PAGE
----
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Doomkaiser Dragon
Card# CSOC-EN043

Doomkaiser Dragon's effect isn't just for Zombie World duelists: remember that its effect can swipe copies of Plaguespreader Zombie, too!
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Taking Sides: The Overview
Michael Kohanim

In the years that I have been playing the Yu-Gi-Oh! TCG, I’ve noticed that the majority of players have more difficulty using their side decks effectively than they have playing their main decks. The importance of the side deck is often understated, and even some of the best players in the game tend to focus on their main decks significantly more than their side decks. The side deck only contains fifteen cards, all of which are irrelevant in game 1 of every match. But those fifteen cards are critical in games 2 and 3, and effective side decking often means the difference between victory and defeat. It’s important to have a side-deck strategy before entering any tournament in order to optimize use of those fifteen side-deck slots and gain every advantage possible over the popular decks in the environment.

Constructing a Side Deck
Since you can only run fifteen cards in your side deck, some decisions must be made about which fifteen would be most helpful throughout a tournament. Generally, it’s best to dedicate several of those side-deck slots to the matchups that are most difficult for your main deck to handle alone. Several cards, like Bottomless Trap Hole (which is excellent against both Lightsworn decks and Beatdown variants), are versatile in the side deck and can be sided in against several strategies, while still only occupying one side-deck slot. Using several versatile cards in the side deck allows a player to be prepared for several matchups with just a few cards. This way, remaining side-deck slots can be filled with cards like Light-Imprisoning Mirror, which are focused against a single archetype. It’s also a good idea to dedicate more spots in the side deck to beating the popular strategies in the environment you plan on competing in, so that you can get frequent use out of them. With only fifteen side-deck slots, it’s unwise to waste several of them to improve matchups that are unlikely to come up, or are already favorable.

For instance, Non-Fusion Area would be a great card against an Elemental Hero deck. It prevents the summoning of all Elemental Hero Fusions by shutting down cards like Polymerization, Fusion Gate, and Miracle Fusion. But how many Elemental Hero decks do you expect to play against in a tournament? And of those, how many actually pose a threat to the deck you’re running? I can’t remember the last time someone tried to summon an Elemental Hero Wildedge against me in a tournament. In a Regional or Shonen Jump tournament, you’ll most likely encounter very few Elemental Hero decks, and of the ones you compete against, even fewer (perhaps none at all) will be more difficult to beat than Teleport Dark Armed Dragon, Lightsworn, or Zombies. As a result, it would be more beneficial over the course of the tournament to use the side deck to prepare for these more frequent and more difficult matchups, instead of making an easy match win even easier.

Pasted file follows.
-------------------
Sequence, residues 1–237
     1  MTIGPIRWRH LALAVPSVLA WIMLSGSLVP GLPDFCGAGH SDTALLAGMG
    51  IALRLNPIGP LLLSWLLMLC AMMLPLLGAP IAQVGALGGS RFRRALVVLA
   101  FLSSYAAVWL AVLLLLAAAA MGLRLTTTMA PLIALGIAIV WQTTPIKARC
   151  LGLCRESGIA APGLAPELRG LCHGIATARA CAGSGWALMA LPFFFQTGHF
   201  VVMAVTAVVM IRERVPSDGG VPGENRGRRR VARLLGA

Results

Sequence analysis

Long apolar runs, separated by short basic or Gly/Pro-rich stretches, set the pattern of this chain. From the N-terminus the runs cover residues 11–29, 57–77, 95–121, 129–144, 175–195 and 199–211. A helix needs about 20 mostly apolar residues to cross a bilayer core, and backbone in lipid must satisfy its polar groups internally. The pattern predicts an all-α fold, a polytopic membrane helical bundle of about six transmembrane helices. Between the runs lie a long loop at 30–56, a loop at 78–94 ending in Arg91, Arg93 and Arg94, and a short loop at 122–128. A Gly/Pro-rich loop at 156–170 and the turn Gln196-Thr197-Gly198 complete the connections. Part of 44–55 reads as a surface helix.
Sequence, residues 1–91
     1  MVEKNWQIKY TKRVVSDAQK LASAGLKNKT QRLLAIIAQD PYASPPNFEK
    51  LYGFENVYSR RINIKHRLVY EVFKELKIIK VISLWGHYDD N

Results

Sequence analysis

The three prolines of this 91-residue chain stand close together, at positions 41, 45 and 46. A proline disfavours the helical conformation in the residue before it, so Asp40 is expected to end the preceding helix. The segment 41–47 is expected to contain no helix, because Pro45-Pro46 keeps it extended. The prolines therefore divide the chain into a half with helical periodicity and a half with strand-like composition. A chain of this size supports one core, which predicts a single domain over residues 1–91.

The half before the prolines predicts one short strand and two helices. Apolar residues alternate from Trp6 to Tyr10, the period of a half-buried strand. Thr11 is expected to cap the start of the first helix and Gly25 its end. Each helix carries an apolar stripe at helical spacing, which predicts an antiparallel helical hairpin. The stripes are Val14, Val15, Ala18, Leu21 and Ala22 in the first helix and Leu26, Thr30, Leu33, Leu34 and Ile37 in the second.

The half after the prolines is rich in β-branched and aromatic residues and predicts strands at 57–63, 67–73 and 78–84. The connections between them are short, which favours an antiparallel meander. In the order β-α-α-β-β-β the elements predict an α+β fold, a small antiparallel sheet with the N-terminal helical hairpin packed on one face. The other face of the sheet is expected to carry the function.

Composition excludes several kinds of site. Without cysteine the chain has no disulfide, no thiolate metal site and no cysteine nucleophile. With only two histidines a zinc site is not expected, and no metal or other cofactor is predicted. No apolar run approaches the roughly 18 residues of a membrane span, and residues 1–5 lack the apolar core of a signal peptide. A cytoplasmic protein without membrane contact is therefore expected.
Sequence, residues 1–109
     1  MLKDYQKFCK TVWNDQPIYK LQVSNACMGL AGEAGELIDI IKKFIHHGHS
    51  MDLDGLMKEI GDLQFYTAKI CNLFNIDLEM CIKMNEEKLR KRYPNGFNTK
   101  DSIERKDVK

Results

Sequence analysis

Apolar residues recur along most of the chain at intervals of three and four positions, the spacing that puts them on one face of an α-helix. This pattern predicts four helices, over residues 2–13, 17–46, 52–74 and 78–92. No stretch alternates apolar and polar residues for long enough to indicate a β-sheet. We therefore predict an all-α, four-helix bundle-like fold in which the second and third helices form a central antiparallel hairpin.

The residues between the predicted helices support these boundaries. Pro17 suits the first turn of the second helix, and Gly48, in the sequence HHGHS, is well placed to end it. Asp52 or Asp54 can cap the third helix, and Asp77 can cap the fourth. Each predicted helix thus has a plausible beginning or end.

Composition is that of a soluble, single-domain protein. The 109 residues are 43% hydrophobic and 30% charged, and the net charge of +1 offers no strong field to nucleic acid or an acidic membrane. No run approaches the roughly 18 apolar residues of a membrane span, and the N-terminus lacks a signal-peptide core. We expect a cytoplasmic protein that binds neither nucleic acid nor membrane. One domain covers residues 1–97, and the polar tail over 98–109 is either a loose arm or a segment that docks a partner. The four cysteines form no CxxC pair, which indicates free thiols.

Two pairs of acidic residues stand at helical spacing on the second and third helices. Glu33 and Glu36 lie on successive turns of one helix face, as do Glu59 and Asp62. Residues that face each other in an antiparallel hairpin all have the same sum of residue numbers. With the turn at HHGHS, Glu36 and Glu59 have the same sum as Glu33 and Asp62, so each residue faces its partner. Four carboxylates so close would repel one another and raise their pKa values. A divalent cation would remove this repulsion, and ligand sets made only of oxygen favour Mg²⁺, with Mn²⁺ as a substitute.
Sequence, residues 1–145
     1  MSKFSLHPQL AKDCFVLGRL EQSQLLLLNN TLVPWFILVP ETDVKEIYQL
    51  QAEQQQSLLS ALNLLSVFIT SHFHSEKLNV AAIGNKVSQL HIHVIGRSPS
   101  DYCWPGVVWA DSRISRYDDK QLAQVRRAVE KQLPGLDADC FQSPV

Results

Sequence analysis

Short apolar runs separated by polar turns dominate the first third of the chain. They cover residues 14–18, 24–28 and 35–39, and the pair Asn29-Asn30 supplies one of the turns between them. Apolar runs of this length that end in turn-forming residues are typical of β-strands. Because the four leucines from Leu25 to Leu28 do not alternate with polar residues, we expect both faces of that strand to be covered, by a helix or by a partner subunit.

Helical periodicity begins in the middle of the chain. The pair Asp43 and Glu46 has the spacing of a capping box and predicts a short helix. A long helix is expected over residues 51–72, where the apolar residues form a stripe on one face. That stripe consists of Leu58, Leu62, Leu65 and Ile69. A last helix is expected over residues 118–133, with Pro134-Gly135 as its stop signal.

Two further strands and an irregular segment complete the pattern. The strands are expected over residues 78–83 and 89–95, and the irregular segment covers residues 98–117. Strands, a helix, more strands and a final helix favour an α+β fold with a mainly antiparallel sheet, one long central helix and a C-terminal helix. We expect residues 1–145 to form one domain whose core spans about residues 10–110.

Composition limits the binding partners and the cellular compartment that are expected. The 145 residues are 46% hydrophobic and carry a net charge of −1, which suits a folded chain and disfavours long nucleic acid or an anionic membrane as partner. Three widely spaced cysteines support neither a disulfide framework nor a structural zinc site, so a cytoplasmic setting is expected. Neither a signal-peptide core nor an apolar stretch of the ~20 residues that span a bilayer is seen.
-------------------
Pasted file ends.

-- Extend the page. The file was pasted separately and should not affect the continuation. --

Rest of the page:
When constructing a side deck, it’s also important to keep in mind that you must remove the exact same number of cards from your main deck that you add in from your side deck. This means that even if a certain matchup is highly unfavorable for your deck, it might not necessarily be a good idea to devote all fifteen card slots to that matchup. For example, suppose you’re running a Lightsworn deck and the TeleDAD matchup concerns you most. There are several great cards against TeleDAD, including Shadow-Imprisoning Mirror, Compulsory Evacuation Device, Phoenix Wing Wind Blast, Thunder King Rai-Oh, and D.D. Crow. But if you put three of each of these cards into your side deck with the intention of using them all every time you play against a TeleDAD deck, you would need to remove fifteen cards from your main deck each time. That’s nearly impossible to do without ruining the natural synergy that makes a Lightsworn deck so competitive. As a result, while constructing your side deck, it is necessary for you to determine exactly how many cards you can remove from your main deck without ruining its synergy for each matchup. This way, the added tech from the side deck can make the match more favorable against TeleDAD, instead of just slowing down one of the fastest decks in the metagame. There’s no reason to have fifteen cards in your side deck just for TeleDAD if there are only four cards that you’re willing to remove from your main deck between games. In general, players only want to side deck a few cards for each matchup and want to be well-prepared to play against any deck.